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You, Me, Resume

Finding a job online was all the rage five years ago. And while the Web remains a useful tool in determing what kind of work you'd like to do — and finding the perfect job — a research paper penned by Christine Fountain at the University of Washington indicates that the Web might not be the job-finding tool it once was.

Scheduled to be presented at the American Sociological Association's annual meeting next week, Fountain's research indicates that people searching for work online in 1998 had slightly better odds of finding a job — but that the advantage disappeared by 2000.

It seems that the days of scanning resumes are over.

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  • Cynthia Typaldos

    I founded and am president of a 4,000 member, volunteer-managed, professional guild called Software Product Marketing [SPM] eGroup. Although we run a popular job posting board, our major effort underway is to enable our members to become a business presence on the web. We are using free tools (e.g. blogs, egroups) and doing partnerships with companies that have additional tools (e.g. audio/visual presentations) to create the infrastructure on which our members can "hang out their shingle", network with others, and provide a 360 degree view of their accomplishments, skills, and talents, all while retaining full control and ownership over their own data. We are doing this because we believe many white collar professional jobs (including consulting jobs) now, and most in the future, will be filled by a process of seeking out the best candidates, rather than posting a job and sifting thru candidates that apply. Every white collar professional therefore needs to have a business presence on the web so that s/he will be "found" by the candidate seeker.

    We are a non-profit organization and welcome new members and new volunteers. Along with managing our existing software marketing professional guild, we are also starting up new software/internet guilds in engineering, finance, entrepreneurship, project management, sales, quality assurance, technical writing, human resources, etc. and need leaders for these guilds. All of these guilds will be linked together to be a integrated web of the software/internet industry's professionals worldwide.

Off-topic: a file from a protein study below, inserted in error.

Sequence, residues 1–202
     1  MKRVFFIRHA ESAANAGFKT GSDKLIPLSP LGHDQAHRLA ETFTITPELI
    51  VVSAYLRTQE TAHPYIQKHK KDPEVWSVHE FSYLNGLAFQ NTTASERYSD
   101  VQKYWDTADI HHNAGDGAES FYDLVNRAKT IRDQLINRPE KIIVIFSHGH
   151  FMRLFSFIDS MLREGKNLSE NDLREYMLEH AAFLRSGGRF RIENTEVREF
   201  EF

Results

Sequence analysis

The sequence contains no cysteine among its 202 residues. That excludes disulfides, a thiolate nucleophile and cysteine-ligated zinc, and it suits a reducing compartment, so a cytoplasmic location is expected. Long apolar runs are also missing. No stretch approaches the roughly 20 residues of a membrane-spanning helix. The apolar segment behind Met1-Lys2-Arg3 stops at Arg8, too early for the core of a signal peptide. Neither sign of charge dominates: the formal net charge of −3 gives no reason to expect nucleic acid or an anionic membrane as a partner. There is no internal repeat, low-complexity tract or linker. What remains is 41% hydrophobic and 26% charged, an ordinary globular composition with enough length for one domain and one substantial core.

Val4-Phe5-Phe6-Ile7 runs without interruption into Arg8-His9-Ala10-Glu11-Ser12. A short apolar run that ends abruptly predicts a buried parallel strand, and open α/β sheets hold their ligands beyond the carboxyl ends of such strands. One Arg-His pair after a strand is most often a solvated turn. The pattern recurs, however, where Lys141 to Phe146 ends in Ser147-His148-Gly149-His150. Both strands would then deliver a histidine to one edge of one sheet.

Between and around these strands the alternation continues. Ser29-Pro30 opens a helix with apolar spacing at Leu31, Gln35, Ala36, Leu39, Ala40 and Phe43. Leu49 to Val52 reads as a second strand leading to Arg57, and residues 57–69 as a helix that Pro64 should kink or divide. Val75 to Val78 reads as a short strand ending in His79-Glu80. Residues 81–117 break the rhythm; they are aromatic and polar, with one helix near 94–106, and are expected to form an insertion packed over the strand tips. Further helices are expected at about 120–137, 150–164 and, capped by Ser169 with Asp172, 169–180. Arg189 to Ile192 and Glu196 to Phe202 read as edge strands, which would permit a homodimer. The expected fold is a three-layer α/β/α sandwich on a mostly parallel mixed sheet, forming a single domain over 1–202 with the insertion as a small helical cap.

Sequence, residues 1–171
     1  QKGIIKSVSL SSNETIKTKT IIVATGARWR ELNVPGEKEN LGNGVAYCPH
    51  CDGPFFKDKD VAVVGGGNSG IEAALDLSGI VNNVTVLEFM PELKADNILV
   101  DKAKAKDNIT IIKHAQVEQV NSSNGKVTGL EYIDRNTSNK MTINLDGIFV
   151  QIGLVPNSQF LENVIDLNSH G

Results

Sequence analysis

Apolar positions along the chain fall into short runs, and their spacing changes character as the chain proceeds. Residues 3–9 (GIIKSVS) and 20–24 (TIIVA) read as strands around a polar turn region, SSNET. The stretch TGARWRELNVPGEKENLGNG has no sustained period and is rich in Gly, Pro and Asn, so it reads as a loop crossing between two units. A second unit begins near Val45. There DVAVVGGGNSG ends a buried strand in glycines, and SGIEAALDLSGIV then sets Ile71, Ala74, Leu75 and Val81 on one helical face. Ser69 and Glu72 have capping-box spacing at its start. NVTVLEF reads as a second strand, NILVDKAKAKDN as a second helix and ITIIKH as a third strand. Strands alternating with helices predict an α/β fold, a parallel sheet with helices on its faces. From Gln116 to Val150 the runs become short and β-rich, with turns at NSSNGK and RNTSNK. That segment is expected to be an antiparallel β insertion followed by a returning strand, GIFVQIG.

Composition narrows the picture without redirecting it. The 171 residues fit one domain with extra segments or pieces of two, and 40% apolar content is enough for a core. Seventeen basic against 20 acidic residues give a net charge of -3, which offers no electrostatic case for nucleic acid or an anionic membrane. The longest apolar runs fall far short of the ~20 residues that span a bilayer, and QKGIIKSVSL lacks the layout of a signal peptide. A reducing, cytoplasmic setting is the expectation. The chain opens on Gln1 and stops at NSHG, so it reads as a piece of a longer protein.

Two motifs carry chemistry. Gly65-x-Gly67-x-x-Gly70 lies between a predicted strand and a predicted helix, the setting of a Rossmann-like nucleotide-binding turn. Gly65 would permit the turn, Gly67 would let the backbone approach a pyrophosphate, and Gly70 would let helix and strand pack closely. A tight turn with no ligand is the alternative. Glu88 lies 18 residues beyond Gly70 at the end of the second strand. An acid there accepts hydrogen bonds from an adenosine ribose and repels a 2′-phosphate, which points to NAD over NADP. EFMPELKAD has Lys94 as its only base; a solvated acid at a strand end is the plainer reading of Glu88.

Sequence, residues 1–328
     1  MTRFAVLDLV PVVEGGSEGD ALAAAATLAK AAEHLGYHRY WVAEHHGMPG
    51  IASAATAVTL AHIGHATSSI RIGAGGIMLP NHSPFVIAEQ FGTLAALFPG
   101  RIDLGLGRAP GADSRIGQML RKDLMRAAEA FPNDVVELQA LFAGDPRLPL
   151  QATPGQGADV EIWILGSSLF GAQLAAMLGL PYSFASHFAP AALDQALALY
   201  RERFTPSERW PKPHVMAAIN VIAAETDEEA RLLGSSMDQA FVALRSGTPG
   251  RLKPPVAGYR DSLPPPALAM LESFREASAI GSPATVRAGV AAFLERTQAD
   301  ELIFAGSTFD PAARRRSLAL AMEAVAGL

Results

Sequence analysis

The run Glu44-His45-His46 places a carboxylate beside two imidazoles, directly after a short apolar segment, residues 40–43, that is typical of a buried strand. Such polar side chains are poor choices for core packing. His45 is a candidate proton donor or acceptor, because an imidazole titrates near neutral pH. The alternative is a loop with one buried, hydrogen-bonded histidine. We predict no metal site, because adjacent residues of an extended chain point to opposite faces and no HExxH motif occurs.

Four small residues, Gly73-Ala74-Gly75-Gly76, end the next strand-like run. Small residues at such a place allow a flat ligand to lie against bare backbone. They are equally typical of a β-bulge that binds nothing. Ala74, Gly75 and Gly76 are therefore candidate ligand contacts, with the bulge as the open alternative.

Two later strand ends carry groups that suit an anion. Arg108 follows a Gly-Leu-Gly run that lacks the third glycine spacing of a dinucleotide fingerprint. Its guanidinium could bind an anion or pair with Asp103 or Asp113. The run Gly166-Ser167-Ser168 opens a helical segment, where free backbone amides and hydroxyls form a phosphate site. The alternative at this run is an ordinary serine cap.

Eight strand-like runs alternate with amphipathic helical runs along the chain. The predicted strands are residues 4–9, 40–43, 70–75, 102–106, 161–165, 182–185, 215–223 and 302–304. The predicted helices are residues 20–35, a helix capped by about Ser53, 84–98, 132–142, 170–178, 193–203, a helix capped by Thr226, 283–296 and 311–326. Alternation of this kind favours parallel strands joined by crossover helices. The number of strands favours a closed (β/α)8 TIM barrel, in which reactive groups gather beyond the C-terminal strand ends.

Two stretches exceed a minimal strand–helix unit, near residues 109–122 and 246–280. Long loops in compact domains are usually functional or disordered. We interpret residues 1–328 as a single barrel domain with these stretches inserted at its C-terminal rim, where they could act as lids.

There are a number of academics at some of the top universities studying the rise of professional guilds as an inevitable reaction to the changing relationship between employers and employees. We are working with them to understand the macro view and use that as input into how we structure our guilds.

    I call the big job boards (, HotJobs, CareerBuilder) jobosaurs. The Jobosaurus Era is ending (it was rather short!). Check out my presentation on The Future of Professional Guilds to see what comes next.

    I look forward to comments and feedback from other Fast Company readers.

    Cynthia Typaldos
    Typaldos SPM ResumeBlog
    Founder and President
    Software Product Marketing eGroup
    Professional Guild

  • Roger

    Finding a job in today's economy using any means is a difficult task. The internet helps identfy openings, but companys use it to sheild themselves from actually having any real interation with prospective employees.

    Job listings have undisclosed companys, or resumes must be submitted online or to hr@companyname mailboxes. Follow-up contact by the perspective employee is discouraged.

    Most companies fail when it comes to common courtesy. Submit a resume to 100 site and you'll be lucky to get 10 acknowledgements, let alone any indication about the opening.

    The web has made it easy to send your resume into a black hole.